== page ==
He rejects the idea that he is stepping into Ray D'Arcy's shoes. "There was quite a long duration after Ray left. You had Alison Curtis, who did a fantastic job, and Hector [Ó hEochagáin] too, so it wasn't like he was gone on Friday and I was in on Monday." He says his show is very different to what D'Arcy was doing. "What we said at the outset was, 'Blank sheet of paper'. Now, we have a completely new set of contributors and a completely new set of items. Obviously, in some ways, there's a definite crossover about what the show is doing now and what Ray was doing, but some items are staples of daytime radio and have been since The Gay Byrne Hour."
The latest round of listenership ratings showed gains for the beleaguered 2fm and losses for Today FM. Savage's 9am to 12 noon slot shed 3,000 listeners. He is refusing to read too much into that. "Obviously, there was a chunk of Ray's audience that was loyal to him and were always going to be difficult to hold on to, but we'd really want to keep the core Today FM audience and we're working hard to retain them." Savage is working hard too - trying as he is to combine the business of three hours of live radio a day, plus a weekly topical show on TV3 and the small matter of running The Communications Clinic, the media training and PR agency that grew out of Carr Communications. He says he has taken a back seat on the latter, focusing on the unglamorous business of profit and loss statements and so on, but when I push further, it turns out he's in every day except Friday.
That's the day he hosts The Seven O'Clock Show on TV3 and, he says, something has to give. More often than not, he will drive to Ballymount, west Dublin, after he's finished at Today FM, park at the back of TV3's new HD studio, and nap for a couple of hours in his car.
"It's not that it's a particularly early start," he says. "I'm up around quarter to six in the morning which isn't that desperately early - but you're very 'on' in here, as you would have seen - so it's nice to get a little snooze. Ian [Dempsey] does it too, on occasion."
Twelve-hour days are standard for him, although he pooh-poohs any show of sympathy. "I have a friend who gets up every morning at seven and goes into a freezing cold shed and welds steel every day, and I've another friend who's a panel beater who does the same thing, and I think, 'I'm in a warm room with unlimited access to coffee.' Yes, it's a long stint, but it's not physically labour-intensive. You're mentally tired at the end of it, but in the big scheme of tough jobs, it's grand."
He admits that he gets his thirst for work from his parents. "The pair of them have a work ethic that I've seen in a couple of other people, but not many. I don't think that has faded even slightly."
It was a work ethic he sensed as a child. "I would have known that they worked very hard. There were significant periods of time where you wouldn't see a huge amount of them but I never had a sense that I was missing out. I imagine that there was a huge effort made to ensure the time that was there was used really well, like going to sporting events.
"Early on," he adds, "my assumption was that there was no gender difference. It took until secondary school [he was educated at the private boys school, Belvedere College] for me to realise that, 'God, some people's mothers work in the home rather than doing 12 hours of work outside the home."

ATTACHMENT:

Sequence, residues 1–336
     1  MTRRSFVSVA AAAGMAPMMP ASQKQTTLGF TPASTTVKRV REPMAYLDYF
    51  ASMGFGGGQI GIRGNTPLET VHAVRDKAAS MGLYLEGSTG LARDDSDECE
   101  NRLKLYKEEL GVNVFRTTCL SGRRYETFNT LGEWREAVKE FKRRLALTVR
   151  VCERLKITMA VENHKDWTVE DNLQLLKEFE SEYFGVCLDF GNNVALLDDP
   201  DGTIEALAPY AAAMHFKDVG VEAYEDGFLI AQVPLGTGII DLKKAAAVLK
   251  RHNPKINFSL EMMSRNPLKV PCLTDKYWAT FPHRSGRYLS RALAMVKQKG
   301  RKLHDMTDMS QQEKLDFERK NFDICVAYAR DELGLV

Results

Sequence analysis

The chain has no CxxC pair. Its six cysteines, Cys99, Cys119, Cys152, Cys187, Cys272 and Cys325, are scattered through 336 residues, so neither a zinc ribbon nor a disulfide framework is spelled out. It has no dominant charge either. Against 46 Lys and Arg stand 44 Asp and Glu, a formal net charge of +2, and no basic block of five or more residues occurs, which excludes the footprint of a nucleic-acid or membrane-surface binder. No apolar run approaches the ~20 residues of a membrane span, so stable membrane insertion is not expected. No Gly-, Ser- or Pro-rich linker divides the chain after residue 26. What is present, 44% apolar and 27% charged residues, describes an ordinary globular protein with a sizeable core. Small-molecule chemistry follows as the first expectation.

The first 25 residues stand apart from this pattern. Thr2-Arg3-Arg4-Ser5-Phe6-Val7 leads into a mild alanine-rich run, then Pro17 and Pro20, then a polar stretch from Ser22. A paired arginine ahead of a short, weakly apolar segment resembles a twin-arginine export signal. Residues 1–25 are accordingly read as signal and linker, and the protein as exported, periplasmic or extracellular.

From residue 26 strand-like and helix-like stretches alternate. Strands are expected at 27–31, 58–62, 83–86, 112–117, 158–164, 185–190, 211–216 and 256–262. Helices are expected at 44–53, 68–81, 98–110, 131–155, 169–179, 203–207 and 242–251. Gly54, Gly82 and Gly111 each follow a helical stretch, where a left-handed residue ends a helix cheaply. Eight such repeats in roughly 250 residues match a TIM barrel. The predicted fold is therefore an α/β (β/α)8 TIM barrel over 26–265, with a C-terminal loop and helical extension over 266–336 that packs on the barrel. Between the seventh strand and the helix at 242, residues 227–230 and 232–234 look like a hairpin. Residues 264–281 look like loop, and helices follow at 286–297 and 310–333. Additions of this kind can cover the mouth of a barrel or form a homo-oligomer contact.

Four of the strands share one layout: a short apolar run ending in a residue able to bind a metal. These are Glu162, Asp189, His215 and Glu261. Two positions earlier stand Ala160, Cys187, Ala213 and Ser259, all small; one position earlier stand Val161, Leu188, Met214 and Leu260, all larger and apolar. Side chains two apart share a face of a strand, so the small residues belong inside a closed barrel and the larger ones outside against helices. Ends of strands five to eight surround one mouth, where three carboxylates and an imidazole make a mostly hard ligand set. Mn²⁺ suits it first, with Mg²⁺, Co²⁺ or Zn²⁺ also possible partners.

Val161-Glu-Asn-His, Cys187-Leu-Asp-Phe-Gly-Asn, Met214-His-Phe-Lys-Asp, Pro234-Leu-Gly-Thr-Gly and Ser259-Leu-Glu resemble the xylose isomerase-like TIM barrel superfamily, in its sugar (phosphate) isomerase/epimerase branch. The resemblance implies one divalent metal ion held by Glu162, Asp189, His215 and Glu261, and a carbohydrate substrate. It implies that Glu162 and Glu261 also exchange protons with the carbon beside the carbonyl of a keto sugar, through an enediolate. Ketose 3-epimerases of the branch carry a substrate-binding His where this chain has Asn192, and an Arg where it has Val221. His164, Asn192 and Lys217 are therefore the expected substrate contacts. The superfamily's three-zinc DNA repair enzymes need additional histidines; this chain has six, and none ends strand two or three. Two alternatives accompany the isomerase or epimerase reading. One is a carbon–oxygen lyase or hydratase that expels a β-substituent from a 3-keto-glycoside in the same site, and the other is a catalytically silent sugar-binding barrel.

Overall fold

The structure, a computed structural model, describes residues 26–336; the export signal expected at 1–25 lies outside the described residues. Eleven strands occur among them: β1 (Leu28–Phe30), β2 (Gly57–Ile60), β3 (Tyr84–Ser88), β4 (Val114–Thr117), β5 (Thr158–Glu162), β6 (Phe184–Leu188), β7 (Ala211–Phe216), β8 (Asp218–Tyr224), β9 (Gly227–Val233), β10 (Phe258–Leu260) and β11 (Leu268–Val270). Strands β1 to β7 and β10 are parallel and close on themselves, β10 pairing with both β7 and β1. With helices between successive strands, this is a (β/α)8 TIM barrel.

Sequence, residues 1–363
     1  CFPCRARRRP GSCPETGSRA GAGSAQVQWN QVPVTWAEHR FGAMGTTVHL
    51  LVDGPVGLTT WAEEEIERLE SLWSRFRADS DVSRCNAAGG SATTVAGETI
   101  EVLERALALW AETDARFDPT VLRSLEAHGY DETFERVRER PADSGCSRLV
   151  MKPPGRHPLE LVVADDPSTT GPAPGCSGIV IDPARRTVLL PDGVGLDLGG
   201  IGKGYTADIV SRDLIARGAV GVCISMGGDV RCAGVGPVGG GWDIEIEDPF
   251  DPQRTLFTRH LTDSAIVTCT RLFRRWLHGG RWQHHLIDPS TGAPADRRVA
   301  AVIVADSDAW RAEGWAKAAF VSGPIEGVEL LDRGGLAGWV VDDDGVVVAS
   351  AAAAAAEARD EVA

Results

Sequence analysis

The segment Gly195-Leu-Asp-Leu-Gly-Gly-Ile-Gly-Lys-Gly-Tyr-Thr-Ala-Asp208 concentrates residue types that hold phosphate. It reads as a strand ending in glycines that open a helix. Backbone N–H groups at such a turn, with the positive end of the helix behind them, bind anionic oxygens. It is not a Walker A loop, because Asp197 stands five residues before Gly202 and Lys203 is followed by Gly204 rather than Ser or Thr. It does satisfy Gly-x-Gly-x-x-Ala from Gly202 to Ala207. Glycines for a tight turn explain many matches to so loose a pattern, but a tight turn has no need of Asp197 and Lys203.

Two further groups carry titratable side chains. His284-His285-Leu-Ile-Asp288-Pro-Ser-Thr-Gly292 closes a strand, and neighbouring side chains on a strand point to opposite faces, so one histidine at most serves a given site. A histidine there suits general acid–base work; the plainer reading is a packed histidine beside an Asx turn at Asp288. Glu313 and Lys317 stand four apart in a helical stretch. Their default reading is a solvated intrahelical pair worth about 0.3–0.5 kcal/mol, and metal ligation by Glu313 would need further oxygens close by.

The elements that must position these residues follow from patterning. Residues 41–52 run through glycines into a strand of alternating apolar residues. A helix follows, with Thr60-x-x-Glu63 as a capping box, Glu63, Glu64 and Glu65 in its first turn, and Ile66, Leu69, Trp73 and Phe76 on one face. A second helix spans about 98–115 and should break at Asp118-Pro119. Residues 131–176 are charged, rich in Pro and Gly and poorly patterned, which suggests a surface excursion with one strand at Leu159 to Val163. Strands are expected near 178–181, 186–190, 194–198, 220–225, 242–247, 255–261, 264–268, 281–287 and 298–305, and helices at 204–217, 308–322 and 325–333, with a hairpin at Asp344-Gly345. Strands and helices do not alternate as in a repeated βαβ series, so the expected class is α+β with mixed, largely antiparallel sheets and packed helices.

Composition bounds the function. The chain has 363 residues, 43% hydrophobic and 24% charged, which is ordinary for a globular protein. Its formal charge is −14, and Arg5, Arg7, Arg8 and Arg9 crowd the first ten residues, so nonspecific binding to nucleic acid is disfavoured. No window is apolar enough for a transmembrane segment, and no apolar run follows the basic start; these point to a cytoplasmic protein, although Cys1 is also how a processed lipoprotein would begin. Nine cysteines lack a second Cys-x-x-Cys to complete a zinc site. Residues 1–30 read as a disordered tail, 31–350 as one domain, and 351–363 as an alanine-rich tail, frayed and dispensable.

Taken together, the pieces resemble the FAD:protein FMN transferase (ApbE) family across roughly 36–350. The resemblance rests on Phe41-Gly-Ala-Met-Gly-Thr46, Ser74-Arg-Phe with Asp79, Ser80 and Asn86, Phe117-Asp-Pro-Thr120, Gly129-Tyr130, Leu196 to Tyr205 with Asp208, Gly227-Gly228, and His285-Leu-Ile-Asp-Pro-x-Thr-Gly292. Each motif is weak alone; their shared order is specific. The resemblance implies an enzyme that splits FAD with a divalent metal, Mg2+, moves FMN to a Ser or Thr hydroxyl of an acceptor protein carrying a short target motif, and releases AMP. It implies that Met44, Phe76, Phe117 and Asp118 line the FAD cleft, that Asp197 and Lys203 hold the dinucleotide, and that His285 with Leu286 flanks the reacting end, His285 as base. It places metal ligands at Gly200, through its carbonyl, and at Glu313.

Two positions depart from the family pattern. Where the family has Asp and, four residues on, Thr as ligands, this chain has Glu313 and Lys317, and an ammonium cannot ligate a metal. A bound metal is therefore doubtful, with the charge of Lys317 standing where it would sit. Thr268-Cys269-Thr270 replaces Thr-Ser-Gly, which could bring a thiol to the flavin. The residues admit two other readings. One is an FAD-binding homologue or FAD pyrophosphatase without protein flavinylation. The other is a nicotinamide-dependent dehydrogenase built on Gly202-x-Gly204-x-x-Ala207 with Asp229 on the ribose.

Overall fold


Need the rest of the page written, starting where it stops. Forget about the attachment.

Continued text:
He says he never felt spoilt as an only child. "For a long time, my big fear was that I'd get brothers and sisters," he laughs. "I really enjoyed being an only kid. Sometimes you hear only kids talk about loneliness, but I didn't feel that and I liked that in the house you got this great connection and access to your folks."
That close bond, he insists, is still very much intact today and he says both are invaluable sounding boards. He says he didn't realise he wanted to work in media until close to the end of his time at college, in Trinity, where he studied English literature. "I would have had an interest in what my folks did, but I didn't have specific aspirations until my early 20s, and it was the training side [of Carr Communications] that I got myself into." He also did a short stint as a researcher on the embryonic Radio Ireland in the mid-1990s, before it was successfully relaunched as Today FM. Did the Savage-Prone name help open doors? "I don't see it like that," he says, carefully, "and if you consider that I was doing radio work here 20-odd years ago, that's a very slow opening of a door."
He says there isn't one aspect of his career that he's especially proud of, it's more the little things - like interviewing compelling people or "getting to hear a band I love play 12 feet away from where I'm sitting now".
When I ask if there's any aspect of his professional life that caused him worry he deflects the question.
"The darkest periods of my life have not been professional. They were when I was very young: the car accident that came very close to killing my mother, and a few years later, the cancer that came very close to killing my father. In both instances, the statistical likelihood was that they were going to die."
He becomes momentarily lost in thought. "It was easier to deal with the car crash," he says, "because the first you hear of it is when the person is on the road to recovery. The cancer brings with it weeks of waiting, surgery, that five-year period thereafter where there's worry of it coming back. What those events did, I suppose, was give me an appreciation for not wasting the here and now."
And with that, and the warmest of handshakes, he's away.
Photos by Gerry Mooney